Are air purifiers bad for houseplants?
One of the questions that is often asked by those preparing to purchase a home air purifier is “are air purifiers bad for houseplants?”
No, air purifiers are not bad for house plants. You home air purifier simply removes particulate matter and other contaminates from the air. House plants use a process call photosynthesis to turn Carbon Dioxide and water vapor in your home’s air into Oxygen and other useful compounds. The two processes are not related and thus an air purifier will not affect house plants in any way.
The question is often asked because the type of person concerned enough about their home air quality to consider an air purifier will usually have several plants sitting around their home’s interior.
Why do we say this? Consider why you are here right now. I imagine you are worried about the air quality in your home and are contemplating purchasing a home air purifier, or you have already purchase one.
I also imagine there are a number of plants in your home right now because you have heard that house plants can improve your home’s air quality.
There is a common misconception that house plants aid in purifying your home’s air. While there are many reasons why one may have indoor house plants that are all perfectly valid, the idea that house plants aid in home air purification is somewhat misguided.
We will delve further into the discussion of indoor house plants and their ability to clean your home’s air in another article but for now just know that their effect on air quality remains somewhat in question.
Are house plants bad for air purifiers?
Based on what we have discussed so far, it seems the answer to the question of whether house plants are bad for air purifiers or not is pretty clear-cut. But, as is so often the case, the answer is not as straight forward as you may think.
House plants could possibly negatively affect the performance of some air purifiers. Indoor plants are known to raise humidity levels in buildings. A significant number of plants could possibly raise the humidity quite a bit and in some instances, high enough to affect HEPA filter efficiency.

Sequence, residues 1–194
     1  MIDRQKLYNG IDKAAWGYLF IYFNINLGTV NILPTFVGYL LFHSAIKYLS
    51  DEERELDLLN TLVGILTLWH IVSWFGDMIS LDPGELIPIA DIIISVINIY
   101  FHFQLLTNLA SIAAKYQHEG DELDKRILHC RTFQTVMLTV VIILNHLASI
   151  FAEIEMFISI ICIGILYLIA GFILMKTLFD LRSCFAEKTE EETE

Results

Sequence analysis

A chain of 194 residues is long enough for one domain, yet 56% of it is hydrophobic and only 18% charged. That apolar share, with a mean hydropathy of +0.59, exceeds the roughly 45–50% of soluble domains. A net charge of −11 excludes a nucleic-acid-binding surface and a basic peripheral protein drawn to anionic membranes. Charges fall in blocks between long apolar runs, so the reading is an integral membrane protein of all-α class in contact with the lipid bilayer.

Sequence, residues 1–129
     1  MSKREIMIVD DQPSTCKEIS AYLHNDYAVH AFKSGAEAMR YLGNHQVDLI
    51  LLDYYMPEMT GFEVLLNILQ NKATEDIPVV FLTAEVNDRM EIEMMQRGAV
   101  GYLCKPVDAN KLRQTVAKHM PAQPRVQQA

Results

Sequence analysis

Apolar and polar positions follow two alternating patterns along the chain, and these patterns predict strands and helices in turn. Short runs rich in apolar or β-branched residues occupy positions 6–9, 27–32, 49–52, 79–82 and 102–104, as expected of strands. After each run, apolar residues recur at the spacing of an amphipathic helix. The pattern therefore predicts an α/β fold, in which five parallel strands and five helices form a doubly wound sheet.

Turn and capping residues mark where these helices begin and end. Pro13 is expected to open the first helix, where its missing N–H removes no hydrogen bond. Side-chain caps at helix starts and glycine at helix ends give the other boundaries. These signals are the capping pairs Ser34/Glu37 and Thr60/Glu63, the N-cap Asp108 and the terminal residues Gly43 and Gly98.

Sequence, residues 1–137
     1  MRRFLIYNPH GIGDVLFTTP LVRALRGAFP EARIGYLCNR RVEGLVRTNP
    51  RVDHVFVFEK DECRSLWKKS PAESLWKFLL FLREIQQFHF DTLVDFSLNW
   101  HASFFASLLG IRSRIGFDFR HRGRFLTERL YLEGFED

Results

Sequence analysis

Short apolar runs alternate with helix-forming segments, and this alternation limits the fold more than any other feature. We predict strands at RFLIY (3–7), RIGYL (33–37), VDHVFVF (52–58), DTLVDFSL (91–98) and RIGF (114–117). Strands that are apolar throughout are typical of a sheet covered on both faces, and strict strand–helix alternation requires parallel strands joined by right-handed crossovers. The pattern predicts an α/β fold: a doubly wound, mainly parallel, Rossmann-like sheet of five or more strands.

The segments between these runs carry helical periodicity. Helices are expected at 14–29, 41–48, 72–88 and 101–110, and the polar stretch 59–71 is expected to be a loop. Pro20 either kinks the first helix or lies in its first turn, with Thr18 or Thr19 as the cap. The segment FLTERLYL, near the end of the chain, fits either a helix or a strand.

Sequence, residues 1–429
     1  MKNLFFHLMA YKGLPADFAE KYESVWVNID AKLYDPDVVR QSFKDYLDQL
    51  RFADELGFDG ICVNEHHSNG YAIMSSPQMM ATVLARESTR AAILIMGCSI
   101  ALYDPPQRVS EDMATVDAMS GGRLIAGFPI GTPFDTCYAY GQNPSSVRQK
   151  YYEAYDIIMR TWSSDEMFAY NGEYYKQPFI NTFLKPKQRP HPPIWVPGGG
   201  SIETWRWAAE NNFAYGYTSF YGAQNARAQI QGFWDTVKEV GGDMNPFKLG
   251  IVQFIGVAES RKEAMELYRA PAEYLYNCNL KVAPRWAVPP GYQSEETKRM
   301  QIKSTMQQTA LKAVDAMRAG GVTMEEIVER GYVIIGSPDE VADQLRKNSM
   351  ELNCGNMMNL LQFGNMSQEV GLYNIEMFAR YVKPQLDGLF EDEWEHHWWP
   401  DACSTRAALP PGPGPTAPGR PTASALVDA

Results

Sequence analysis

HEPA filters are found on most popular air purifier models. HEPA stands for high efficiency particulate air. Basically, these are mechanical filters with an ultra-fine mesh that traps airborne contaminates such as dust, pollen, smoke, and pet dander when room air is forced through them.
Consider this. As this particulate matter builds up on the surfaces of the filter, they begin to create a film. A large portion of this film consists of dust particles. Studies have shown that large spikes in a room’s humidity level can cause these dust particles to absorb some of this moisture. As they absorb moisture, these dust particles can grow in size, greatly decreasing the filter’s effectiveness.
The bottom line is that a large number of indoor plants can affect filter life and thus raise the cost of ownership of the air purifier overall while lowering its cleaning efficiency.
Having indoor plants creates a comforting home atmosphere for some folks and plants do manage to provide some air purification benefits as well. Just keep in mind that, like all good things, there is a point when too much of a good thing starts to become an issue.
Are air purifiers bad for houseplants? Not likely, home air purifiers have no effect on house plants but having too many house plants can have an effect on your air purifier. Too many indoor plants can raise humidity and that can affect your HEPA filters.
Keeping humidity levels relatively stable is key to maintaining high air quality in your home. We will discuss further the effects of humidity in your home and the use of humidifiers and de-humidifiers to control your humidity level in separate article.
We encourage homeowners to invest in a good indoor humidity monitor, called a hygrometer, to help them keep track of humidity levels in their home.